|Syria fires back at France over Lebanese crisis
|Moallem says hariri vetoed 'comprehensive' deal, freezes contact with paris
Syria said on Wednesday it was suspending diplomatic cooperation with France on ending the political crisis in Lebanon, after similar action by Paris.
France has accused Syria of not backing a deal that could allow Lebanon finally to elect a new president and bring to an end an opposition boycott of the government.
"It seems that the French want to blame Syria for their failure ... to reach a solution to the crisis," Foreign Minister Walid Moallem told reporters during a news conference in Damascus. "Accordingly, Syria has decided to stop cooperation."
French President Nicolas Sarkozy ordered his government last week to halt diplomatic contacts with Syria over what he called Damascus' failure to show it was working for a consensus solution after two months of contacts with France.
Moallem said Syria had been surprised by Sarkozy's announcement as it came just two days after Damascus had reached agreement with Paris on what he described as a comprehensive deal to end the crisis.
He said Syria had been led to believe that the deal had the support of Lebanon's Western-backed Cabinet but that Sarkozy's chief of staff, Claude Gueant, later said it had been vetoed by the head of the pro-government bloc in the Lebanese Parliament, MP Saad HaririSaad-Hariri-Profile Sep-07 .
"We were surprised to learn of the comments of the French president during a press conference in Cairo in which he said Syria and the Lebanese opposition are responsible for the failure" to end the crisis which has left Lebanon without a president for more than a month, Moallem said.
Moallem said Syria had contributed to efforts to reach consensus, including convincing opposition politicians to accept the commander of the Lebanese Armed Forces, General Michel Suleiman, as president, a post that has been vacant since November.
The presidential election has been postponed 11 times because the anti-Syrian coalition and the Damascus-backed opposition are at odds over how to share power.
Parliament will try once more to confirm Suleiman as president on January 12 but looks unlikely to succeed as there is little sign of reconciliation between the rival sides.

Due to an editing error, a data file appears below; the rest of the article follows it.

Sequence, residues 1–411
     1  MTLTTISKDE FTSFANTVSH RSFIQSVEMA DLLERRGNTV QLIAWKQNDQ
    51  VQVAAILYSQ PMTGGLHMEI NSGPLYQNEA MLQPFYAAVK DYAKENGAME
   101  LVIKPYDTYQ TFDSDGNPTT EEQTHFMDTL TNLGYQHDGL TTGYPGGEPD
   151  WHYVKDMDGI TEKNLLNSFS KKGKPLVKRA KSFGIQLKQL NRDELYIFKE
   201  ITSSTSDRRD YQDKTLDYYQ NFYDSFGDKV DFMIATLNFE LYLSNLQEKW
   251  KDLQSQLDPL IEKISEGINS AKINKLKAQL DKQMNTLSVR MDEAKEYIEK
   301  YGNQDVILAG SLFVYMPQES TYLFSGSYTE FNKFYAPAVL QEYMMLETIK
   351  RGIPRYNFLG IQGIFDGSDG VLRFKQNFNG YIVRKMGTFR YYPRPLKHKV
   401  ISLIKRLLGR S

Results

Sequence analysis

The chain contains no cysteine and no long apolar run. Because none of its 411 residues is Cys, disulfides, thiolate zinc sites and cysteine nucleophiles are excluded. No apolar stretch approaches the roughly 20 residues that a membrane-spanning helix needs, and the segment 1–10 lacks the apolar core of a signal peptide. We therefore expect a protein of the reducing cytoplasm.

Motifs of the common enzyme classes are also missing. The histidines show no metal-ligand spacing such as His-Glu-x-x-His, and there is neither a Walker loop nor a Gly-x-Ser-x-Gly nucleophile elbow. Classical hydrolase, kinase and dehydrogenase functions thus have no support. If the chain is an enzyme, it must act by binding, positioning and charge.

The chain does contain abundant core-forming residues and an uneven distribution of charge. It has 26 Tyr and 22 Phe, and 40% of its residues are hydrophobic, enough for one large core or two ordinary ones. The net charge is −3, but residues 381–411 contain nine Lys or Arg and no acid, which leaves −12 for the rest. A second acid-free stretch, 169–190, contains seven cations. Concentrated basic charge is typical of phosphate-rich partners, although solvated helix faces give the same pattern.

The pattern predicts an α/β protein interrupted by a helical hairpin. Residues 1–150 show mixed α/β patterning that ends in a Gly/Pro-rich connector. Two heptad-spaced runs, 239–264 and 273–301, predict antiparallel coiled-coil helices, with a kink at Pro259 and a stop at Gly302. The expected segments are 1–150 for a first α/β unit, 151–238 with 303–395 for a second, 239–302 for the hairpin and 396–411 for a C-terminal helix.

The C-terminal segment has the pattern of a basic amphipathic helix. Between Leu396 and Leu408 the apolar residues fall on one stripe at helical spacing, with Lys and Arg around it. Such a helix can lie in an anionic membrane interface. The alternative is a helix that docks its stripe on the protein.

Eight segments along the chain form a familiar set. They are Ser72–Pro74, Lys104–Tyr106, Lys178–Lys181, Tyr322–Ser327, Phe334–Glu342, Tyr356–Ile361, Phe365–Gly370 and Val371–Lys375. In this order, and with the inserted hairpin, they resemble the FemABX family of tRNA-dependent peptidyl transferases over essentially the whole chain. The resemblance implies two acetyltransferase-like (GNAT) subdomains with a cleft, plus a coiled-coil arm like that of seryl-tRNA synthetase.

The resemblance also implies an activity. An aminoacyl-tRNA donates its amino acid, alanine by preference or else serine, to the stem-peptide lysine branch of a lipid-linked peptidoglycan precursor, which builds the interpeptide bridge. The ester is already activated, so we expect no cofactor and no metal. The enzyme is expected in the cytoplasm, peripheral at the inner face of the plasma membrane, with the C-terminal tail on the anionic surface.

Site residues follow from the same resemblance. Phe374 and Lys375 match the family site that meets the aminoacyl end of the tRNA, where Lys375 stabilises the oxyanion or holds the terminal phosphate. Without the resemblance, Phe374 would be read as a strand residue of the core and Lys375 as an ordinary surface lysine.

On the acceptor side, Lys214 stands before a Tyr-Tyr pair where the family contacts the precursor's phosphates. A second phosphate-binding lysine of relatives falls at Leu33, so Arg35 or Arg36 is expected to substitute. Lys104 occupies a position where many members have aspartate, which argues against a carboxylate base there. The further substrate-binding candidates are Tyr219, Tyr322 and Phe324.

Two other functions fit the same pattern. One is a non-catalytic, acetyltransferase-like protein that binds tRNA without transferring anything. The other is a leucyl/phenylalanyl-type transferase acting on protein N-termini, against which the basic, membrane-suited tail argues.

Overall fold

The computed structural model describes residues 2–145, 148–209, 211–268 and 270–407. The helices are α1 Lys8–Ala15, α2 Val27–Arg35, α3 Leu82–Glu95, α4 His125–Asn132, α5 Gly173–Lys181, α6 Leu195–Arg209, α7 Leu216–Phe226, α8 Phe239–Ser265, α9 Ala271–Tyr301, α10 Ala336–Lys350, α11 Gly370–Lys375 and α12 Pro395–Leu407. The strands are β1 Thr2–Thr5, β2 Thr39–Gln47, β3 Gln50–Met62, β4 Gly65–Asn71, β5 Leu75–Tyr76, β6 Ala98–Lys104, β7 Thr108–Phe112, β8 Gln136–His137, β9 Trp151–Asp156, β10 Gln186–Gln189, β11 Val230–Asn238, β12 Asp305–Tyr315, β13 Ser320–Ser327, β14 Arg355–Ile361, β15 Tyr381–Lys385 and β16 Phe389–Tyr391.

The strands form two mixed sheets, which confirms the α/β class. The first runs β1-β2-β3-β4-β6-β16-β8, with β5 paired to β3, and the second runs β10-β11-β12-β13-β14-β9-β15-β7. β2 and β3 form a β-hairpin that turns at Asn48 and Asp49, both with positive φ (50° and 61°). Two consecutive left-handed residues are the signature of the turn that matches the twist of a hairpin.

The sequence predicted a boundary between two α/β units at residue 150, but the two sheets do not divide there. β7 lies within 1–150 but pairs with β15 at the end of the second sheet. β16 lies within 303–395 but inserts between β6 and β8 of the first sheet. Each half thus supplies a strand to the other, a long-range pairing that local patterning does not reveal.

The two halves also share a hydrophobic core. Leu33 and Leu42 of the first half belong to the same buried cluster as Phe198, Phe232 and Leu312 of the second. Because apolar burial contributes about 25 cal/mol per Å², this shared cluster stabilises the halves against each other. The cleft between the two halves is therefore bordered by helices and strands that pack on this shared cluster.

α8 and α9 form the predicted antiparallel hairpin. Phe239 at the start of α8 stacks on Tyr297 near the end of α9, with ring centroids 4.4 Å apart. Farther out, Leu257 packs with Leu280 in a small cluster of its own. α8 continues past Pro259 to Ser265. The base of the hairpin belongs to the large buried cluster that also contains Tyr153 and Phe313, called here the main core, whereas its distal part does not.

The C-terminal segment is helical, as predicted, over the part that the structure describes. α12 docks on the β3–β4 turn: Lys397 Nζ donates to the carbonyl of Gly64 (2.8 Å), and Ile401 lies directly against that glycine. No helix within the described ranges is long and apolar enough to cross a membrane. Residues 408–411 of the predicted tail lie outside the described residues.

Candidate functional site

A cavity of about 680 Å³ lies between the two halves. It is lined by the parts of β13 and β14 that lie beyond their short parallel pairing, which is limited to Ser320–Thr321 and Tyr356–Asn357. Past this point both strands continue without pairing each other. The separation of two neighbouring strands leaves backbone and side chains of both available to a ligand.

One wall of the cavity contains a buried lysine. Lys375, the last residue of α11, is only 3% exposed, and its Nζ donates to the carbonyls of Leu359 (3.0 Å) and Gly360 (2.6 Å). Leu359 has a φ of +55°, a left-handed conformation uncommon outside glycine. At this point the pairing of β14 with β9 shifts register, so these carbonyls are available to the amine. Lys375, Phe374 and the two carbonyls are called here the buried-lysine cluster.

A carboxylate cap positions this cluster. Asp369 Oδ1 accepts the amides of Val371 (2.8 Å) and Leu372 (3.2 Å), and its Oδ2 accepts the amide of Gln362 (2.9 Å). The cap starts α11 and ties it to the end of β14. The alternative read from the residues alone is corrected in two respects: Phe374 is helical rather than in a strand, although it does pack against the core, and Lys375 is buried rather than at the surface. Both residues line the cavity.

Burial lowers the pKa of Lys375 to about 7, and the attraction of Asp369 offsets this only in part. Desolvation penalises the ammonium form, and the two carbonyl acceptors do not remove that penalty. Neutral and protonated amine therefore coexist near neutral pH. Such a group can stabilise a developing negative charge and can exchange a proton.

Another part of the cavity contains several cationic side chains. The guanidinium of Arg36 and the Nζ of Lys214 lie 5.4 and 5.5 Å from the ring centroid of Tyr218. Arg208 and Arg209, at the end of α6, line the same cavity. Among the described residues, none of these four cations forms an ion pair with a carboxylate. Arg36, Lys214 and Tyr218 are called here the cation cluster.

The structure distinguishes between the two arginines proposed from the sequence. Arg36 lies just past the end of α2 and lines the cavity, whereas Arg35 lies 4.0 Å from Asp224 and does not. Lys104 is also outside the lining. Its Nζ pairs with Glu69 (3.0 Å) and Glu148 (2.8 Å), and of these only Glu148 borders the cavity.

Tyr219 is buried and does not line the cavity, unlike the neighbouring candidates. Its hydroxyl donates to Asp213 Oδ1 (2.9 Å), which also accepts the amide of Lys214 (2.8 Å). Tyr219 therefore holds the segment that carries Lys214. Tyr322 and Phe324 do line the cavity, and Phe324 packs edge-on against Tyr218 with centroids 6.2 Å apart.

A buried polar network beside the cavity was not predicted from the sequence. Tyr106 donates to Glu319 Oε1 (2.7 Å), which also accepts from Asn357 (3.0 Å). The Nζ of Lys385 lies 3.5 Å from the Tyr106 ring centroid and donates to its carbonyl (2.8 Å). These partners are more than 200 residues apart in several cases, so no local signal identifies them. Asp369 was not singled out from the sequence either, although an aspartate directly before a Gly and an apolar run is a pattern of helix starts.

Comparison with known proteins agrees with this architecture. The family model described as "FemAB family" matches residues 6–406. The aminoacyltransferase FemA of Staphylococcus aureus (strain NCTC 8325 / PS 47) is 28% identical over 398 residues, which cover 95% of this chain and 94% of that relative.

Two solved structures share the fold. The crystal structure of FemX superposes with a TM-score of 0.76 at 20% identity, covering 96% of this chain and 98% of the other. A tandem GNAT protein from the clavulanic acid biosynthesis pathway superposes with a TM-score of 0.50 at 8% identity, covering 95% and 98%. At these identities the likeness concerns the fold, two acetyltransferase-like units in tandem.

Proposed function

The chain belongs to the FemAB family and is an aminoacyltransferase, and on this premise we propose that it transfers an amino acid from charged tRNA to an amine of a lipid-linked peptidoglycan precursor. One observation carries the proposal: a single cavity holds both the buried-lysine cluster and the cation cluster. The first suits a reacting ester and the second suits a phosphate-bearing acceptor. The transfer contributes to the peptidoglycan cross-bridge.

Moallem said Syria had agreed with France on a compromise that would give the Hizbullah-led opposition veto power in a new cabinet but that Hariri refused to sign on.
"On December 28, Syria and France reached agreement on a comprehensive settlement in Lebanon ... providing for the election of a consensus president, the formation of a government of national unity in which every faction would be represented according to its political weight, and the drawing up of a fair electoral law," he said. "After Mr. Sarkozy's statement, Mr. Gueant called me on December 31 to tell me that France had been unable to sell the deal we had agreed on to Saad Hariri.
"I rang Mr. Gueant back in the afternoon and he told me that France had decided to break off contacts. He told me France was unhappy with the fact that [Syria's] official SANA news agency had divulged the contents of the telephone calls. I retorted that Syria had nothing to hide and was not ashamed of its position."
"Those who think that Syria will pressure the Lebanese opposition so that the majority monopolizes power are deluding themselves," Moallem said.
"We have been offered lots of temptations, including an economic deal with the European Union. But what is the use of such gains if Lebanon ends up mired in chaos?"
In Beirut, Hariri described Moallem's remarks as a "dangerous message to Lebanon."
In Paris, French Foreign Ministry spokeswoman Pascale Andreani said France's freezing of political contacts with Syria would last "until Syria demonstrates its good faith and a widely supported president is elected in Lebanon."
Paris has been leading efforts to mediate a settlement of the crisis and had offered to raise levels of diplomatic and economic cooperation with Syria in return for its help. Ties between the two countries deteriorated following the 2005 assassination of former Lebanese Premier Rafik Hariri, which led to the withdrawal of Syrian forces from Lebanon after a 29-year presence.
The Daily Star